As 2021 draws to a close, this is a nice opportunity to review a fascinating aspect of Japanese spirituality: the Seven Luck Gods!
The Seven Luck Gods or shichi-fukujin (七福神) exemplify the syncretic nature of Japanese religion, because the seven gods have different origins including some native Shinto kami to Hindu gods who have undergone a long transformation from their original forms in India in antiquity.
Here are the seven gods as depicted on my wife’s tea tin from left to right:
|Name + Kanji||Aspect||Possible Origin|
|Commerce, prosperity, agriculture (hence he is depicted with rice bales)||Daikokuten is likely a blending of the native kami Ōkuninushi and (very indirectly) the Indian god Shiva through a Buddhist deity named Mahākāla.|
|Bishamonten (毘沙門天)||Victory, authority||Bishamonten has been a guardian deity in Buddhism for a long time, but is descended from the Indian deity Kubera.|
|Patron goddess of the arts||Descended from the Indian goddess Saraswati, imported via Buddhism|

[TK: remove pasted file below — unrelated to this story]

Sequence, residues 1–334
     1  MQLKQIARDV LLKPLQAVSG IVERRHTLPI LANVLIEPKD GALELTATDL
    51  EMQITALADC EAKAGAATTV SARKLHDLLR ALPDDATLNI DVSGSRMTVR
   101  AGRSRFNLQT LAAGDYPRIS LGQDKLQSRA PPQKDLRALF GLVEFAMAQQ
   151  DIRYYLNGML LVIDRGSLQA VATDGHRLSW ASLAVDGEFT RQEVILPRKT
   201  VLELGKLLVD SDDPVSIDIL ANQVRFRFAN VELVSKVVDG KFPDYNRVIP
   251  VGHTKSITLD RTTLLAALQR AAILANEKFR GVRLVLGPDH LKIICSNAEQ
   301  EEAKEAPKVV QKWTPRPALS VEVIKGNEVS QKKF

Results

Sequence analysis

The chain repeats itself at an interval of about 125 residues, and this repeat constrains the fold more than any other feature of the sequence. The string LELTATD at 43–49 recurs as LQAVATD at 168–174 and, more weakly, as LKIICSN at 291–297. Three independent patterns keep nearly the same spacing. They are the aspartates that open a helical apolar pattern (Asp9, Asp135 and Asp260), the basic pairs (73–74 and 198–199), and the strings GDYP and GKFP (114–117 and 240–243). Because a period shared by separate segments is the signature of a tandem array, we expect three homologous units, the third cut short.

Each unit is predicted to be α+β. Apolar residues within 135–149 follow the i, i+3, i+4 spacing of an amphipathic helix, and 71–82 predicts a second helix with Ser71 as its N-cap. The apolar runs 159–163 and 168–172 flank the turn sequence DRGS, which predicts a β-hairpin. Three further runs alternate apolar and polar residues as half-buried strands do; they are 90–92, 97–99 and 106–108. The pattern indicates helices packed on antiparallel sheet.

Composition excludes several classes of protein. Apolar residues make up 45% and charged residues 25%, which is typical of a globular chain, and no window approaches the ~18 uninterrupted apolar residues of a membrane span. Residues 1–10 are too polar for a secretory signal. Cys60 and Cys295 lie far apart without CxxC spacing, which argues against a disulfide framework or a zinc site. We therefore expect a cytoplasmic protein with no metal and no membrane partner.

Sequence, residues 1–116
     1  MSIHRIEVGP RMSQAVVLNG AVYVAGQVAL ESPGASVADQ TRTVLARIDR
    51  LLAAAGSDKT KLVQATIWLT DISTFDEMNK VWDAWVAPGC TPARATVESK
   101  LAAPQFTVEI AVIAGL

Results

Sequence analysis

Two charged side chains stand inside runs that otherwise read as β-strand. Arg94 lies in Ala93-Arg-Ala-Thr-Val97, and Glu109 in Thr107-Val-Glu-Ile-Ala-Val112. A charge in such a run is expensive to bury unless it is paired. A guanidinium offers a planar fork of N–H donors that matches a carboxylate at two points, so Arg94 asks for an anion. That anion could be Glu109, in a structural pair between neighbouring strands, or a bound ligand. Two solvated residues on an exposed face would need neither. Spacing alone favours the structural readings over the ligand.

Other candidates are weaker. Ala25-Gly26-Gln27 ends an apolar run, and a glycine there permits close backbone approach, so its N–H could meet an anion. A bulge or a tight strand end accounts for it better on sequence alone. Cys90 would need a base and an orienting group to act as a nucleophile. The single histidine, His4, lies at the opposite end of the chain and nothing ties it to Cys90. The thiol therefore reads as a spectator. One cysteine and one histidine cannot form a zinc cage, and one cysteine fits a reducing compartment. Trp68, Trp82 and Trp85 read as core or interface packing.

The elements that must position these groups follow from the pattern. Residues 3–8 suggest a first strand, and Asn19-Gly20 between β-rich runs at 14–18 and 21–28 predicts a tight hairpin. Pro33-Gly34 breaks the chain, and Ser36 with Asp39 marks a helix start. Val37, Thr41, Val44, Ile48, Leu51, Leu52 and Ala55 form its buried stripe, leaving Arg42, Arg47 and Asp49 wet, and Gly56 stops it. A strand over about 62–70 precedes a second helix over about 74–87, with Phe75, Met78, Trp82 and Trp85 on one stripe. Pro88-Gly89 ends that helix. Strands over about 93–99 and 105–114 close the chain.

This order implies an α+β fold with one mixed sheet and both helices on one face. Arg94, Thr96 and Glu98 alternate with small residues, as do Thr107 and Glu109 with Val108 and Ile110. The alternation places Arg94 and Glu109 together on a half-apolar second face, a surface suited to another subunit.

|Prosperity, wealth||Ebisu is a native Japanese kami that has been imported into the Seven Luck Gods.|
|Longevity||Jurōjin is a Chinese-Taoist deity who symbolized the southern pole star, and now for his pronounced skull.|
|Longevity, happiness, wealth||Another Chinese-imported Taoist figure, Fukurokuju overlaps with Jurōjin in some ways, but is distinguished by the animals that accompany him.|
|Luck, guardian of children||Hotei is the so-called “fat buddha” in Asian tradition, but is in fact has a complicated history. TL;DR he is not a buddha, but kind of a saintly figure in Chinese-Buddhist tradition.|
As with the picture above, you’ll often see the seven deities riding a “treasure ship” (takarabuné 宝船) and/or smiling, laughing and playing games in a carefree manner. In times like this, such images are particularly comforting and something to hope for in the year ahead.
From a cultural standpoint, it’s fascinating to see how Japanese religious tradition has imported various deities and traditions from Chinese Taoism, but also from India via imported Buddhist religion, and how it all blends with native Shinto religion to form what we see today.
Here’s an example ofuda (お札) of Daikokuten we have in our home:
And I have an omamori charm from Enoshima Shrine from 2019 of Benzaiten I keep in my wallet;
These are just some of the examples of the Seven Luck Gods you’ll see in contemporary Japanese religious tradition.